Advertisement

heat sink in lawn from underground concrete detention tank

A builder installed an engineered underground detention tank within the rear yard. it was not installed at the correct elevation leaving only 3" of soil and sod. To prevent the sod from browning and dying every year is there something to install, some sort of insulation that can be placed on top of the concrete to dissipate the heat?

Question by:
Stephanie Skrobach's picture
Stephanie Skrobach

Hi Stephanie,

Thanks for your question.

Concrete has a high thermal mass so it will absorb the radiant heat from the sun but once ‘full’ of heat it will re-radiate the heat (often this process can continue for hours after the sun has gone down). The problem is therefore probably not one of heat dissipation but rather stopping the concrete heating up in the first place. Without more details (such as photo’s) it’s a bit hard to be precise but perhaps placing vegetation on the tank may be a solution (such as green roofs).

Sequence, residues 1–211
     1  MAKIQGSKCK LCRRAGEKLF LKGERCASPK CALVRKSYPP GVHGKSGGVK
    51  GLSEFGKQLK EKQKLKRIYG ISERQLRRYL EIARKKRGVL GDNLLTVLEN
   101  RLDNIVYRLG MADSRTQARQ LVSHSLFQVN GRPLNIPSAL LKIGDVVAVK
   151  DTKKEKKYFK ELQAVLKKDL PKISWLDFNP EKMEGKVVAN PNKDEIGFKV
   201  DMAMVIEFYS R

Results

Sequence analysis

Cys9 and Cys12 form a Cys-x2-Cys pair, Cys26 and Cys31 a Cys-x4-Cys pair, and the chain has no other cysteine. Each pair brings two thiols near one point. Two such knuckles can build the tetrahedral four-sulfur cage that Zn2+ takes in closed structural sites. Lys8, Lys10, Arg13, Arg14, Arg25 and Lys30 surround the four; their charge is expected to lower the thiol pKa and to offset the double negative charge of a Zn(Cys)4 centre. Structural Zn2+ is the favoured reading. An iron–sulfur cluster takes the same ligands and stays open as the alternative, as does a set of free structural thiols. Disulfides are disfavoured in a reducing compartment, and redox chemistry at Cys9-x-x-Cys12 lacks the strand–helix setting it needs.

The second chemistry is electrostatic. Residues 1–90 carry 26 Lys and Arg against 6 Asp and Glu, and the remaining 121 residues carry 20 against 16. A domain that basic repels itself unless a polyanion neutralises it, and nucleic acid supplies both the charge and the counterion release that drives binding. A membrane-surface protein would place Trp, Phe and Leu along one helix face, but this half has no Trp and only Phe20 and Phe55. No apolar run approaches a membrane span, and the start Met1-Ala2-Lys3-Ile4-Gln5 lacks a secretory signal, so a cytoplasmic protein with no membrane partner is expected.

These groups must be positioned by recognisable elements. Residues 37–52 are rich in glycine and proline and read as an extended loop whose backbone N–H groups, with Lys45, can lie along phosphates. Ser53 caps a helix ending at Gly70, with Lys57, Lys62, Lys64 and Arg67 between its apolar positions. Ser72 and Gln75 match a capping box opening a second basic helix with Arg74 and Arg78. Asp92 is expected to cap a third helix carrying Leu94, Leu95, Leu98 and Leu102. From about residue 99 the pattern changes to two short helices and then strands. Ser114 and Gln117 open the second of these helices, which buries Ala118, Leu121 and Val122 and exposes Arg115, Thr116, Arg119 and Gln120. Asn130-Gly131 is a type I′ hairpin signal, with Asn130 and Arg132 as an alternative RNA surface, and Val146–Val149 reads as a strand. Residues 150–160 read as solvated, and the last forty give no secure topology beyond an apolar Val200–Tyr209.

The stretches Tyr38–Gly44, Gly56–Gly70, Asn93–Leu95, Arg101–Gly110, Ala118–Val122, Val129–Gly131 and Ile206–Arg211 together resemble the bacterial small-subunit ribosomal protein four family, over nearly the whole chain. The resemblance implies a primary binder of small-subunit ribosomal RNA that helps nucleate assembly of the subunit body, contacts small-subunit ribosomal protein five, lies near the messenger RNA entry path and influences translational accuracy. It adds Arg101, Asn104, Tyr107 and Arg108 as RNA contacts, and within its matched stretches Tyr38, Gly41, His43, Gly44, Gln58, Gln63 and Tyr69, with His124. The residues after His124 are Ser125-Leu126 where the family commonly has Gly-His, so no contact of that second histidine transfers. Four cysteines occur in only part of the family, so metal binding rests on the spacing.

Also, Darryl O'brien, who is Head of Built Environment Program Engineering and Technology at CQ University, said CQ University has been doing some work on optimising grass types to minimise soil erosion. Interestingly they have found that often there is a chemical imbalance between the soil and water used to irrigate the grass (for example the soil/water combination may be to acidic) and adding small amounts of chemical to water corrects the imbalance and lets the grass thrive. So Darryl said the problem may not just be related to radiant heat but other less obvious factors.

Hope this helps!

The BUILD team.

Tags: 

Comments

To comment. Log in
Advertisement